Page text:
CLOSE

Marvin Sapp, award-winning gospel artist and pastor, recently shared his heart on the spate of Christian ministers committing suicide and suggested that the issue of mental health was “taboo” in the urban community. The Michigan minister also revealed that if it were not for his late wife’s expertise in and advocacy for psychological well-being, he also might have taken his own life three years ago when the mother of his three children passed away.

“I can be honest and say I absolutely understand what these men of God have gone through. The pressures of pastoring and being in the publics eye, losing someone you love and all of that. I find after reading through their stories that all of them are similar to mine in one way, shape, form, or fashion. If it’s the pressure of ministry, if it’s the pressure of losing a loved one, whatever it may be,” Sapp said.

“I look at their situations and I say to myself, ‘What was it that caused me to stand, even when I could folded just as they did?’ People always say the pressure will cause a pipe to burst,” he added.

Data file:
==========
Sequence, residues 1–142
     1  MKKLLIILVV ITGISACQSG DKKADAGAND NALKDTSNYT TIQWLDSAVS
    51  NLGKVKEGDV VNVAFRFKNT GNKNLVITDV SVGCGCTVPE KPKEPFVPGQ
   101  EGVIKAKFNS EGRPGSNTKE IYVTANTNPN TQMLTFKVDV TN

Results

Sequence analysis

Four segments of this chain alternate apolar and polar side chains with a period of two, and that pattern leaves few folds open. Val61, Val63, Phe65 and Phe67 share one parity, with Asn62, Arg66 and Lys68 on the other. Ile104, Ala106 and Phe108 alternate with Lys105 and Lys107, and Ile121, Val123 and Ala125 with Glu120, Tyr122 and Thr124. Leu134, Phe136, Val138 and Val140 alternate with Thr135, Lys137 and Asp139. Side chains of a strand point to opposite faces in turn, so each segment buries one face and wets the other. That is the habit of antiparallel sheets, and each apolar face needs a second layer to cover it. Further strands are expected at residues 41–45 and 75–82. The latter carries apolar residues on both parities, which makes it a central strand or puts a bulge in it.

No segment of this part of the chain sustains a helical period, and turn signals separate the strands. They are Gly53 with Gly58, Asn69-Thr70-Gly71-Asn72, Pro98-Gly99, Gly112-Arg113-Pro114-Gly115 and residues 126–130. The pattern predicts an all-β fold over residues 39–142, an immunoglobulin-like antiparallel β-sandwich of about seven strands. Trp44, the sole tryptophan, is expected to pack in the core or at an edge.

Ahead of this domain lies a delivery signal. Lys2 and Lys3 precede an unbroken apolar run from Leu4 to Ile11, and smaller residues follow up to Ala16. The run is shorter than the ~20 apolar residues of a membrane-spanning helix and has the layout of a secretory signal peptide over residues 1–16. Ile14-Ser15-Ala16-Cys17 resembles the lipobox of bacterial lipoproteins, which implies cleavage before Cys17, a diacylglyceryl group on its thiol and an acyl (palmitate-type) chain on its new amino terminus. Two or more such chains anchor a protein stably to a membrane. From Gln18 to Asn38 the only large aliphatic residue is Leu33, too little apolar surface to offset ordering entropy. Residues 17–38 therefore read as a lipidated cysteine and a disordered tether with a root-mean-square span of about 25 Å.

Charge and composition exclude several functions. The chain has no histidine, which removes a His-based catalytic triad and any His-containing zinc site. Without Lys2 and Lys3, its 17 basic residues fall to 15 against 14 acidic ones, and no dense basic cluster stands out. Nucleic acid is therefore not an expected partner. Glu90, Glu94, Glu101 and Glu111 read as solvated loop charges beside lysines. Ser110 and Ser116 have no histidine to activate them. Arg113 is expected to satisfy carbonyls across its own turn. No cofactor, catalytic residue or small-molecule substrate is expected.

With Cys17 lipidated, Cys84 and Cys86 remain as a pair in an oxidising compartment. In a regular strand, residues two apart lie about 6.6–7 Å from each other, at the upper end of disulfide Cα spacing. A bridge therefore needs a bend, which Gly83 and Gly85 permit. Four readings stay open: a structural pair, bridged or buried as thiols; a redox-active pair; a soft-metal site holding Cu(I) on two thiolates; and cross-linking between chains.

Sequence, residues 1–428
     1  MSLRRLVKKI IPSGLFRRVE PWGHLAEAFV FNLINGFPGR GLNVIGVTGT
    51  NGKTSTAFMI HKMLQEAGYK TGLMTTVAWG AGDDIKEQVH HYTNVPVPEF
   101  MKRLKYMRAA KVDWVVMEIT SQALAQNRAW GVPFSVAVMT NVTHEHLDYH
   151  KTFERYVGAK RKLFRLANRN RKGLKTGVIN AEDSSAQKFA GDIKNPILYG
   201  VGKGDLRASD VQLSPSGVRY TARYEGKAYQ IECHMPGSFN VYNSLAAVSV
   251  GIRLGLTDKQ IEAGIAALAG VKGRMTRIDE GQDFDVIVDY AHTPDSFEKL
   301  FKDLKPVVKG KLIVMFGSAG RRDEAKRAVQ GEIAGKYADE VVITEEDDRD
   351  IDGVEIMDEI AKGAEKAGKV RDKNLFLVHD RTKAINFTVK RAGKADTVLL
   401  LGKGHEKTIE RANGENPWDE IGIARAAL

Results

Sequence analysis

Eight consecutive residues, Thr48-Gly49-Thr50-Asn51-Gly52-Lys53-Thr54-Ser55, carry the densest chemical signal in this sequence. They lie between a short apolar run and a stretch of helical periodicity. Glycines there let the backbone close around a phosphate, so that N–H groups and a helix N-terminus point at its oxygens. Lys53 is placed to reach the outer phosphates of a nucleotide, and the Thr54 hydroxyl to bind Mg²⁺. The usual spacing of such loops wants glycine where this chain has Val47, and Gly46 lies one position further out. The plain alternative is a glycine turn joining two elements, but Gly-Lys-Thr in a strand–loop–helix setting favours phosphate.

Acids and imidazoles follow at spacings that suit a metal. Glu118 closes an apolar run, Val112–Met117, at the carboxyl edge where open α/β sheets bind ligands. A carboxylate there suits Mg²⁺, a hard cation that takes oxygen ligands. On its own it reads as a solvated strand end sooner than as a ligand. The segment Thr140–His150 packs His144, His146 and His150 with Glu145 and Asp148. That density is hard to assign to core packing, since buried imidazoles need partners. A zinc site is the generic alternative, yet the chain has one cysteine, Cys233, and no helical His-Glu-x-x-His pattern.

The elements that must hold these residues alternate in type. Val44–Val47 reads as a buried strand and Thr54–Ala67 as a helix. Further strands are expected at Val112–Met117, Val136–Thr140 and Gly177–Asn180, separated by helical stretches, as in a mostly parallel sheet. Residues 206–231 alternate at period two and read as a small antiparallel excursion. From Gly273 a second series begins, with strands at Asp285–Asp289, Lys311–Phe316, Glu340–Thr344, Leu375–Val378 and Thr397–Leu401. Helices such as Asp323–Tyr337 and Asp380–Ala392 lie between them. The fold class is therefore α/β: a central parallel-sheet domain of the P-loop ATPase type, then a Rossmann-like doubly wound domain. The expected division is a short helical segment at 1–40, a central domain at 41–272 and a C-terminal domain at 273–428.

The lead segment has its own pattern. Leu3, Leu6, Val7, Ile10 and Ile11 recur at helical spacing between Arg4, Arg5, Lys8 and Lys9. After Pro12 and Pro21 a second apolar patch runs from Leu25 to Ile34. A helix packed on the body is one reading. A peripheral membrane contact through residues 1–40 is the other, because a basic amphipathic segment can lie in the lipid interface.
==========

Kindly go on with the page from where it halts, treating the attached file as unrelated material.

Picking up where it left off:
Pastor Isaac Hunter, who resigned last year from the Orlando megachurch he founded after admitting to an affair with a staff member, was found dead in his apartment on Dec. 10. Summit Church confirmed that its founding pastor had taken his own life with a gun and at some point written an undated suicide note saying, “I have become what I never wished to be, a burden on those I love the most.” Hunter’s wife had been previously granted a restraining order against him on the claim that his erratic behavior and drinking had left her “fearing” for her life and the lives of their three children. The court order reportedly prohibited Hunter, 36, from his family’s home and Summit Church.

And in November, a 42-year-old pastor shot himself inside his vehicle in the driveway of his Macon, Ga., home in-between church services. The Rev. Teddy Parker, Jr., was reportedly taking medication for manic depression and avoided sharing his difficulties with his Bibb Mount Zion Baptist Church congregation.

CLICK HERE to read story

article courtesy of TheBelleReport.net

One thought on “Pastor Marvin Sapp Talks Mental Stability and How His Wife Saved Him From Suicide

Leave a Reply